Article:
The Colosseum on a Roman coin (bronze sestertius) issued by Titus in AD 80 (British Museum)


Titus Aurius, Front: Laurel wreath head, Rear: Titus seated holding scepter and branch.

Heart Message

A Constant Craving

Rome had so conquered its domain, achieving dominion, knowledge and wealth in varied disciplines of warfare, science, art, & architecture among others, that citizens had leisure and could enjoy the glorious civilization. But nations, like individuals, when strife for survival is no longer demanding, can feel the emptiness inside of our fallen nature rather than being able to enjoy what was built. An entire population can become unruly when it has time on its hands. Governments should be directing their citizen’s to higher aspirations, but without leadership, a people can fall to its baser instincts.

Amusements have a shelf life before they become boring. A joke can only be told once and be funny. Wealth in our own time is producing darker and darker forms of entertainment as society is continually desensitized and requires more and more stimulation.

The ugly bottom of this never-ending craving can become a bloodlust, the desire to see others suffer. The self-hatred inside an empty soul can be hyped up and projected towards a scapegoat who seems offensive enough to be blamed for one’s own fallen emotions. The Romans offered up the Christians who in faith to Christ were trying not to ride along with the corrupted culture but received the forgiveness of God and fullness of the Holy Spirit.

As Gladys Knight once sung, “I’d rather live in his world, than live without him in mine.”

 

Map of the Roman Empire in 68 AD

Key Dates From Nero to the Colosseum

54 AD Nero becomes Emperor of Rome

55 AD Britannicus (childhood friend of Titus) is poisoned+ by Nero

57-59 AD Titus is tribune in Germania

59 The apostle Paul is imprisoned at Caesarea

61 Paul a prisoner at Rome

63 AD Titus returns to Rome and marries Arrecina Tertulla

64 AD The great fire of Rome, Christians are blamed

65 AD Tertulla dies, Titus marries Marcia Furnilla

65 AD Nero kicks his wife Poppaea in a rage and kills her

65 AD Titus divorces Marcia never to remarry

66 AD The Jews of Judea revolt against Rome

67 AD Nero appoints Vespasian to head campaign against Jews

67 AD Paul the Apostle is martyred in Rome

68 (June 9) Nero is forced to commit suicide (end of Julio-Claudian dynasty).

69 AD Vespasian enters Rome to become sole emperor until 79

69 AD Jerusalem besieged by the Romans

69 AD Jochanan ben Zakkai seeks an audience with Vespasian

70 AD Siege and fall of Jerusalem under military leadership of Vespasian's son, Titus.

70 AD Jerusalem falls; the Temple burned; the Jews deported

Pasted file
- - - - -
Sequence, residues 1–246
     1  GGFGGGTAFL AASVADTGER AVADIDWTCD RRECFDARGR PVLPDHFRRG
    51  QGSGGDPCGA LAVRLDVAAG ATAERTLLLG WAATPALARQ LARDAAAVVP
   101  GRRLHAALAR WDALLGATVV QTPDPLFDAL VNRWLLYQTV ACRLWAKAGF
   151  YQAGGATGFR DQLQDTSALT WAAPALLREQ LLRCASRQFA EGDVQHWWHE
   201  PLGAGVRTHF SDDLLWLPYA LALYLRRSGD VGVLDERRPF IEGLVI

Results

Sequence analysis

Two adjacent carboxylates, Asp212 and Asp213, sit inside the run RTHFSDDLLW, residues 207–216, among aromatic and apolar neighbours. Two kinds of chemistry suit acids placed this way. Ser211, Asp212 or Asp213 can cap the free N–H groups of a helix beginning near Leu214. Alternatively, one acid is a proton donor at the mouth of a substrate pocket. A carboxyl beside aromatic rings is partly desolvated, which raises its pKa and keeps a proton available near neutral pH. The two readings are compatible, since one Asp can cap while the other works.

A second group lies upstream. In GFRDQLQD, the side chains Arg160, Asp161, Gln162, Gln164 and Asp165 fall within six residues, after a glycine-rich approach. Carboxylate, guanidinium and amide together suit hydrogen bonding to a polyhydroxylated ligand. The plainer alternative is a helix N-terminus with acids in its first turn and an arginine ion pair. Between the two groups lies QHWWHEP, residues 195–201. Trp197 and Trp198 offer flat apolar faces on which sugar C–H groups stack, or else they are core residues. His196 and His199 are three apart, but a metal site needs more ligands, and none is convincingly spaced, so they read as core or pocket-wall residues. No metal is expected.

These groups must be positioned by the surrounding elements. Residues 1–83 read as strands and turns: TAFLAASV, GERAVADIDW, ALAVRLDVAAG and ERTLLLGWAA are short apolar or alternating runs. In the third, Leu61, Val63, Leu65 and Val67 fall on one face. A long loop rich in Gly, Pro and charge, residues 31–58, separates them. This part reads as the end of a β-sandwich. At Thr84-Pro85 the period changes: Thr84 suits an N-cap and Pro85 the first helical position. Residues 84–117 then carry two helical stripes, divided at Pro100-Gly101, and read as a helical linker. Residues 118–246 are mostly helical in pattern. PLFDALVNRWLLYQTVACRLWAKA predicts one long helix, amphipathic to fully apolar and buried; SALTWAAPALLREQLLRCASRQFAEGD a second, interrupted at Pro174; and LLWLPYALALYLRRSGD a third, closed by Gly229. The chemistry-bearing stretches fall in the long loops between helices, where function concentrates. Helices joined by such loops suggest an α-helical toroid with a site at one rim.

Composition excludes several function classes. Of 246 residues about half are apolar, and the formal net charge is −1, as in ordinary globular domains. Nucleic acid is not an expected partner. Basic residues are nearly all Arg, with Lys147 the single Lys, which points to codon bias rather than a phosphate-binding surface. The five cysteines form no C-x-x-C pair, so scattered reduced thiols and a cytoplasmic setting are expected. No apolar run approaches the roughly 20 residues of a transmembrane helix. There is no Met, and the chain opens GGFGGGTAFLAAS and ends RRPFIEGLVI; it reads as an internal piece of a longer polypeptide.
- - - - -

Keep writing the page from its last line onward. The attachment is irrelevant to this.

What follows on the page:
70 AD Coliseum begun by Emperor Vespasian (funded by Jewish defeat).

73 AD Masada the final Jewish stronghold  is captured after a long siege.

76 AD Birth of the Emperor Hadrian in Rome.

77 AD Josephus publishes The War of the Jews

79 AD Vespasian dies and Titus succeeds his father as the tenth Roman Emperor.

79 AD Mt. Vesuvius erupts burying the towns of Pompeii and Herculaneum. Pliny the Elder dies by getting too close.

80 AD The Colosseum is dedicated by Titus.

80 AD A mighty fire threatens Rome.

81 AD on September 13 Titus dies of a fever on his way to the Sabine territories.

81 AD Domitian becomes Roman emperor

81 AD Construction of the Arena, Colosseum  is complete by 96 AD


Titus


Face of Titus (Palace of Versailles)

Titus (79–81 C.E.) Titus, the eldest son of Vespasian, had been groomed to rule. He had served as an effective general under his father, helping to secure the east and eventually taking over the command of Roman armies in Syria and Iudaea, quelling the significant Jewish revolt going on at the time. He shared the consul for several years with his father and received the best tutelage. Although there was some trepidation when he took office because of his known dealings with some of the less respectable elements of Roman society, he quickly proved his merit, even recalling many exiled by his father as a show of good faith. However, his short reign was marked by disaster: in 79 C.E., Mount Vesuvius erupted in Pompeii, and in 80, a fire destroyed much of Rome. His generosity in rebuilding after these tragedies made him very popular. Titus was very proud of his work on the vast amphitheater begun by his father. He held the opening ceremonies in the still unfinished edifice during the year 80, celebrating with a lavish show that featured 100 gladiators and lasted 100 days. Titus died in 81 C.E., at the age of 41 of what is presumed to be illness; it was rumored that his brother Domitian murdered him in order to become his successor, although these claims have little merit. Whatever the case, he was greatly mourned and missed. [ New World Encyclopedia]

TITUS (full name, Titus Flavius Sabinus Vespasianus):

Emperor of Rome from 79 to 81; born in 39 or 41; died Sept. 13, 81; son of Vespasian, the conqueror of Jerusalem. He was educated at the courts of Claudius and Nero. Titus served first in Germany and later in Britain under his father, whom he subsequently assisted greatly in Judea by suppressing the rebellion of the Jews.

In Judea.